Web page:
A lifestyle of addiction, promiscuity, and chaos comes with a hefty price tag. Sadly, our elites are exporting those values to the people least capable of sustaining them. If you don’t believe me, just watch MTV.
Aside from the money in their bank accounts, the spoiled kids featured on My Super Sweet Sixteen aren’t terribly different from those featured in the trailer for MTV’s upcoming reality series Buckwild. The difference, of course, is that the West Virginia kids being glamorized in Buckwild will grow old before their time — if they live long enough to grow old, that is. Most will likely spend the rest of their lives paying for the sins of their youth. The rich kids, on the other hand — well, they will likely land on their feet…
Kids growing up in rural communities often face tremendous economic pressures and feel they have little to believe in. Many see little hope for their futures. They seem to lack a purpose in life, and humans need a purpose.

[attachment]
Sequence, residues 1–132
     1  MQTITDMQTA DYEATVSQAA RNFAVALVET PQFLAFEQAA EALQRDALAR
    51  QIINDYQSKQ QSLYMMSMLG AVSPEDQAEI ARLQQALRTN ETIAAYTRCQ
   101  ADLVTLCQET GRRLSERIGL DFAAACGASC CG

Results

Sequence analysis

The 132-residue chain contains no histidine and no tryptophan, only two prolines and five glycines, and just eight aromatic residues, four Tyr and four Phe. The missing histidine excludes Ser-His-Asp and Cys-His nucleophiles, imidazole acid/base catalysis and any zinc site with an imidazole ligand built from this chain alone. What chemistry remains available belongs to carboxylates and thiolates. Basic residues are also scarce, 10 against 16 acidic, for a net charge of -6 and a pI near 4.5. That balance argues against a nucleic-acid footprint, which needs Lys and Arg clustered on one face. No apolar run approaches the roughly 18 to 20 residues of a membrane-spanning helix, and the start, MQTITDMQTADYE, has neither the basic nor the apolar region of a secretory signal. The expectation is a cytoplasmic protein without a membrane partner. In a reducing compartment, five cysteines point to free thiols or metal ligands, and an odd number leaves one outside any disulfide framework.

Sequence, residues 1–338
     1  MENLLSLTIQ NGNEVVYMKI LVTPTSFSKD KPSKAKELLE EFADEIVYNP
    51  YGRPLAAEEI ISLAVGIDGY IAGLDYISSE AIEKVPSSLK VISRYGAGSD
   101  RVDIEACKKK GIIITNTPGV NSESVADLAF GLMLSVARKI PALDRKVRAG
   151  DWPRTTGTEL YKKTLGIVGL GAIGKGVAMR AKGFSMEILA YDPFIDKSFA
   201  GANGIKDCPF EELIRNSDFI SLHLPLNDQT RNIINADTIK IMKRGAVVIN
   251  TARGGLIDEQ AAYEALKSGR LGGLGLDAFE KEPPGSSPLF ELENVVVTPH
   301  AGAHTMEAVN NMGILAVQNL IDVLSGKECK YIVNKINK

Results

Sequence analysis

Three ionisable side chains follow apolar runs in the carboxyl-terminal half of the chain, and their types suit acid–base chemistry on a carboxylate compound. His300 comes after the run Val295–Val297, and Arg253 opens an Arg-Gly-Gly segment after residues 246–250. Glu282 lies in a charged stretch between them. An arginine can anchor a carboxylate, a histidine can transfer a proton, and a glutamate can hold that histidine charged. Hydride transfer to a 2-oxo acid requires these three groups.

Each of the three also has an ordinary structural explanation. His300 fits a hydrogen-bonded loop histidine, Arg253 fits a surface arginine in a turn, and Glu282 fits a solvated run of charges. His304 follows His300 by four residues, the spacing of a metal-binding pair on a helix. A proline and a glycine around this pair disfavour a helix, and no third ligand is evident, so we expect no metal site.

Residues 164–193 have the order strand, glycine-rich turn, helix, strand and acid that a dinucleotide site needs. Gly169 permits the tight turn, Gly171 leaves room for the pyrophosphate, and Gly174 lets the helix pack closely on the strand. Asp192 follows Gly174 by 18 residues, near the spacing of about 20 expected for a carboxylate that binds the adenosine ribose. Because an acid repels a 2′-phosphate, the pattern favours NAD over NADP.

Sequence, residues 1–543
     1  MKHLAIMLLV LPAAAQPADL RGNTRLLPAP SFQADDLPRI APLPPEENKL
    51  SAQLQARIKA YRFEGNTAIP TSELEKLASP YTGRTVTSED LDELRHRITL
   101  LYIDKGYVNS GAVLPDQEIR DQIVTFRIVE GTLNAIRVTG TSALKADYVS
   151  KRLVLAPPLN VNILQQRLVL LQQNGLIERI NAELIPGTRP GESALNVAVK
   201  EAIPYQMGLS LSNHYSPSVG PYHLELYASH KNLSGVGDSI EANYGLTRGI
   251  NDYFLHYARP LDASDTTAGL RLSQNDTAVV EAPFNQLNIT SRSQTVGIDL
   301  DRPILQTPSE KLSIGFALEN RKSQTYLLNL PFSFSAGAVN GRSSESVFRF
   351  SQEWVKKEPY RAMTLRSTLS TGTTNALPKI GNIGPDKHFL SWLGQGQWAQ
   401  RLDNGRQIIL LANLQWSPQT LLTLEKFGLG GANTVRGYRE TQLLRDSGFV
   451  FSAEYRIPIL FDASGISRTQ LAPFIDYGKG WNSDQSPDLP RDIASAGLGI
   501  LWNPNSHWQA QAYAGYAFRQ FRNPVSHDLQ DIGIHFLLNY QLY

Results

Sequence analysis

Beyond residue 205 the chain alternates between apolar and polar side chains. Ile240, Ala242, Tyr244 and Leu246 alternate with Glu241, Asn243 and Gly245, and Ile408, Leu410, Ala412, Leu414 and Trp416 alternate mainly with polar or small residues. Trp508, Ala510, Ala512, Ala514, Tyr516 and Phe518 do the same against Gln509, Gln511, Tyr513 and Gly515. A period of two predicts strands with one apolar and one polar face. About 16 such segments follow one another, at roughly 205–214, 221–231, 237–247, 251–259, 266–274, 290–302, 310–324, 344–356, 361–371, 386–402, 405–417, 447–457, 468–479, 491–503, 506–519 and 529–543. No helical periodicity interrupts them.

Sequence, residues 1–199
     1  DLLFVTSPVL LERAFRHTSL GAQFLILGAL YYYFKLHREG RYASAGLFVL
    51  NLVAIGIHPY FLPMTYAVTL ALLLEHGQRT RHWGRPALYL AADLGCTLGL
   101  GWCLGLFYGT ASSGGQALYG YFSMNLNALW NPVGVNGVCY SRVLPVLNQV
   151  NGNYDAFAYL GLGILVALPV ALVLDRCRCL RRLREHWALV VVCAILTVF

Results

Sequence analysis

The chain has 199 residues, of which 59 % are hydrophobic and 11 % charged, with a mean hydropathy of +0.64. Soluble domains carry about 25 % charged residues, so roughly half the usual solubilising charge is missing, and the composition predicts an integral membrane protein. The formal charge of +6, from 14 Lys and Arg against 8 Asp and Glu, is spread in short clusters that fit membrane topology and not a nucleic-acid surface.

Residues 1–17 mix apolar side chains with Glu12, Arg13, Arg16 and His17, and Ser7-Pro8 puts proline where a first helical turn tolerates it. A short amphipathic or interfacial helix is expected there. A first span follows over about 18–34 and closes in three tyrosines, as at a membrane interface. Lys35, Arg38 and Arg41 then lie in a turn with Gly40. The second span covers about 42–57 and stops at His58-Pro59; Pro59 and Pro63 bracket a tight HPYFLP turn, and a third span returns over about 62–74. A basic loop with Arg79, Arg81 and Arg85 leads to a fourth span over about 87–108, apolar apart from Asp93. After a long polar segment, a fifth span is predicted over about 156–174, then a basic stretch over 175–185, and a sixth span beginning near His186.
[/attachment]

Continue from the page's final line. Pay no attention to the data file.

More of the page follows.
Cities offer their own challenges, of course, but they also have a different energy. They have museums, hustle, and bustle. Cities are where — as Matt Ridley says — “ideas have sex.” Small communities lack this energy. (The Hal Ketchum song “Small Town Saturday Night” notes that you “gotta be bad just to have a good time.”)